National Constitution Center
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LIFT-Philadelphia, a local anti-poverty organization, has selected David Eisner, the president and CEO of the National Constitution Center, to receive its inaugural Lifting Communities Award in recognition of his exceptional commitment to civic engagement and service. The award will be presented at LIFT-Philadelphia’s annual Spring Celebration on April 12 at the Racquet Club of Philadelphia.
Barbara Allen will receive $50,000 as one of 10 winners of the Purpose Prize, given to Americans over 60 who have reinvented themselves, tackling social problems in this latter stage of life.
As founder of Fresh Artists, Allen, 62, of Lafayette Hill, in just two years has put more than 400 pieces of bold, lush, gorgeous "refrigerator art" from Philadelphia schoolchildren into corporate boardrooms and surprising spaces around the region and nation.
Philadelphia, PA, November 18, 2009 — The National Constitution Center Board of Trustees announced today that it has appointed David Eisner, former Chief Executive Officer of the Corporation for National and Community Service, to serve as the new President and Chief Executive Officer of the Center. Eisner succeeds Linda E. Johnson, a member of the Center’s Board of Trustees, who has served as Acting President and Chief Executive Officer since the Board began its national search in January 2009.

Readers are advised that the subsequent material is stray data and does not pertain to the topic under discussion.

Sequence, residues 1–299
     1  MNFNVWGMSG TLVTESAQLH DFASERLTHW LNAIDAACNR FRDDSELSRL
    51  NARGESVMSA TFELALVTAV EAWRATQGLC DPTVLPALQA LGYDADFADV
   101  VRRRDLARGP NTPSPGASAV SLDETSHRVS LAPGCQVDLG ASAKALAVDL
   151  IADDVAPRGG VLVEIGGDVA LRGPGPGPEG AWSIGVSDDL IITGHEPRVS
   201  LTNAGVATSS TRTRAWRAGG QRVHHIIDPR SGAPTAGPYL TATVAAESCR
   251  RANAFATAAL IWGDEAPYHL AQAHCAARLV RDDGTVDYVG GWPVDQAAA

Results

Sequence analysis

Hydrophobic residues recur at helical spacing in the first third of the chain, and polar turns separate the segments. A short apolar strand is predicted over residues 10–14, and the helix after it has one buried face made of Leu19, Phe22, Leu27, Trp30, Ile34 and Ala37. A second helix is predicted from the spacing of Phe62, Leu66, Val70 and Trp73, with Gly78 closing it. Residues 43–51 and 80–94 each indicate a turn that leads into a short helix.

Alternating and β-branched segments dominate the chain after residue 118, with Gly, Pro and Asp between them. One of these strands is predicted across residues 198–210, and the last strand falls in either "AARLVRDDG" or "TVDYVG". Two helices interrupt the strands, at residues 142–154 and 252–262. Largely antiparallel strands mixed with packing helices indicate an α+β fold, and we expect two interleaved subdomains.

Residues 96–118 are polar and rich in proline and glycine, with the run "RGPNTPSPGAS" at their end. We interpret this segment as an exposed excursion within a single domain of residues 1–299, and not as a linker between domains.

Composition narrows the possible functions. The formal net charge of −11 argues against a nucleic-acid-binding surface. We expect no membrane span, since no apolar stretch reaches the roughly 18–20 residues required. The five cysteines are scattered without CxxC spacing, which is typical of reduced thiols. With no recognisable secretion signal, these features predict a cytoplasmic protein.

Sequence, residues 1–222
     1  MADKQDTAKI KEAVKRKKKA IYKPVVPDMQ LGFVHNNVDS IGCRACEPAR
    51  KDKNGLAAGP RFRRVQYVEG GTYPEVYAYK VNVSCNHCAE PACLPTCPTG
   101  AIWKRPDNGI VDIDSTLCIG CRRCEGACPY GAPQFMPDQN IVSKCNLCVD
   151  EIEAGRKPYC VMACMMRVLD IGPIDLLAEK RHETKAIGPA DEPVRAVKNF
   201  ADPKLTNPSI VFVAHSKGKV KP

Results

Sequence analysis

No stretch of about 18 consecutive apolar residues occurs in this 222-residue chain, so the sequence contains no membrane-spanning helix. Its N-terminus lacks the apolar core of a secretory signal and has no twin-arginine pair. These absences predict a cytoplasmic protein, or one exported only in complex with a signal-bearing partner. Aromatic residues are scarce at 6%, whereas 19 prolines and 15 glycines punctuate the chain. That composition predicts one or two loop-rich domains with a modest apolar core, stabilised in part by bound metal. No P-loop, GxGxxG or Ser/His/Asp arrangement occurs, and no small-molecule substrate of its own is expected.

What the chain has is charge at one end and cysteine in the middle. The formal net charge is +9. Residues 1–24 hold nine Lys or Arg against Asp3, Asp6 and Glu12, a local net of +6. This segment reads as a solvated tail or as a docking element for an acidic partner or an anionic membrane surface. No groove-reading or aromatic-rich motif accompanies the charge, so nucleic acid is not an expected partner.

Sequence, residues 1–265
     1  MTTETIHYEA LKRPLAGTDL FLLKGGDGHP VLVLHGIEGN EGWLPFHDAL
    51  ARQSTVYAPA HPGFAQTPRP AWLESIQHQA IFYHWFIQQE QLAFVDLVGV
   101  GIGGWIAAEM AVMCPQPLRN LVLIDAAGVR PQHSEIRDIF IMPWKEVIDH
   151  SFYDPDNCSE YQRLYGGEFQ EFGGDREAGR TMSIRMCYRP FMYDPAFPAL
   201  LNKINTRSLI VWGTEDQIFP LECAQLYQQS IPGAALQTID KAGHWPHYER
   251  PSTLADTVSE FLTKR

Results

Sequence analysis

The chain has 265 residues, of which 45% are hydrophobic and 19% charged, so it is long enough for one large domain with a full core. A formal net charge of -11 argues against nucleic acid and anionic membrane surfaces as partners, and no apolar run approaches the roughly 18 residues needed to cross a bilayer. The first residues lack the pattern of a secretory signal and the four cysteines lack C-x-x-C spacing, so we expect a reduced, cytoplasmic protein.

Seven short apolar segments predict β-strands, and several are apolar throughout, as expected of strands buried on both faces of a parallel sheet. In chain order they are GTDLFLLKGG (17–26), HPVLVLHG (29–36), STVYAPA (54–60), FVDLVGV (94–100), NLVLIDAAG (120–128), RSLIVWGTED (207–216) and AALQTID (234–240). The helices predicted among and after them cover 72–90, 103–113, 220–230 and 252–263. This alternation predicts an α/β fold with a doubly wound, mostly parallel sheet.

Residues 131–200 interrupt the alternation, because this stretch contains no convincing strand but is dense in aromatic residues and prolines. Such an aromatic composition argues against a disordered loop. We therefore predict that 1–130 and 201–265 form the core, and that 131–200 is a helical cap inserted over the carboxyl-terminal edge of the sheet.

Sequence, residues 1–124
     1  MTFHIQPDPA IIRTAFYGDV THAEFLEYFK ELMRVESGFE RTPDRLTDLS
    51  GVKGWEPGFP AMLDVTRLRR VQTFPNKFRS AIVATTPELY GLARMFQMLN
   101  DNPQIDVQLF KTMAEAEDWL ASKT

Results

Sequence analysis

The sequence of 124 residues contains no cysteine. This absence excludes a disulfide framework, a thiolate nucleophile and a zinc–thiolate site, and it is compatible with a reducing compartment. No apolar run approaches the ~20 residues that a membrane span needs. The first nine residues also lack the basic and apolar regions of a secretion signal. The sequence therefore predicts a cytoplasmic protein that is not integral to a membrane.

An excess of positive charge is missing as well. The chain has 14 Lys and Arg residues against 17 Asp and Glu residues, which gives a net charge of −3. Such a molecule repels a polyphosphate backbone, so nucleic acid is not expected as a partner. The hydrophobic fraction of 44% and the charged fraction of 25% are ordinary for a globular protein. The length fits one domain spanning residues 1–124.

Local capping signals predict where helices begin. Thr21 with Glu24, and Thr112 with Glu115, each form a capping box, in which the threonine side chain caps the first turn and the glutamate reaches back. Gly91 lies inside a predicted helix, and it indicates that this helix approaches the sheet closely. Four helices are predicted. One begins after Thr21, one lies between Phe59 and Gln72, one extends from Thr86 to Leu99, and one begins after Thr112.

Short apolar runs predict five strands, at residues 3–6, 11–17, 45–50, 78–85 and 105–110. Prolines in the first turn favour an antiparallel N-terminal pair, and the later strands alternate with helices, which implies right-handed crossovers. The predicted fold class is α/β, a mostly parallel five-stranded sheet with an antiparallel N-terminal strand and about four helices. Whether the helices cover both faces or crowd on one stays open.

April 3, 2009, Philadelphia Business Journal — The jobless rate may be rising, but a handful of arts-and-cultural organizations in Philadelphia are going through prolonged searches to fill their top positions.
What a grand time. FundRaising Success ventured into the tricky awards arena for the first time this year. And even though it was all new to us, it was a terrific experience from start to finish. We had a better-than-expected showing — 33 packages in all, submitted by 10 agencies and two organizations — a small but enthusiastic group of judges and a lot of fun.
Here’s a shocker: Fundraising is tough. Joan Specter, who’s part of the development team at the National Constitution Center in Philadelphia, spent quite a bit of time driving that point home to me during a conversation I had with her recently.
She was talking about her work with the center, where she focuses on securing major gifts, and explaining how much patience, tact and tenacity it takes to get someone to part with, oh, say, a million bucks.
When the National Constitution Center broke ground in Philadelphia, one organizational challenge was to get people from around the country to invest in something that they had never seen before, nor could readily conceptualize. At first, the organization was having trouble communicating to the public exactly what this building was all about. Many donors presumably wondered: What is a Constitution Center, anyway?
After years of selling a dream — raising funds for something that didn’t even exist yet — the folks at the National Constitution Center in Philadelphia weren’t about to be stymied by a couple dozen dead Presbyterians.
The former Philadelphians surfaced, so to speak, in 2001, on the first day of construction on the museum and education center dedicated to enlightening the public about the Constitution of the United States of America. It seems that part of the center’s parking garage was being built on an 18th-century cemetery that had been moved in the 1950s — most of it, anyway.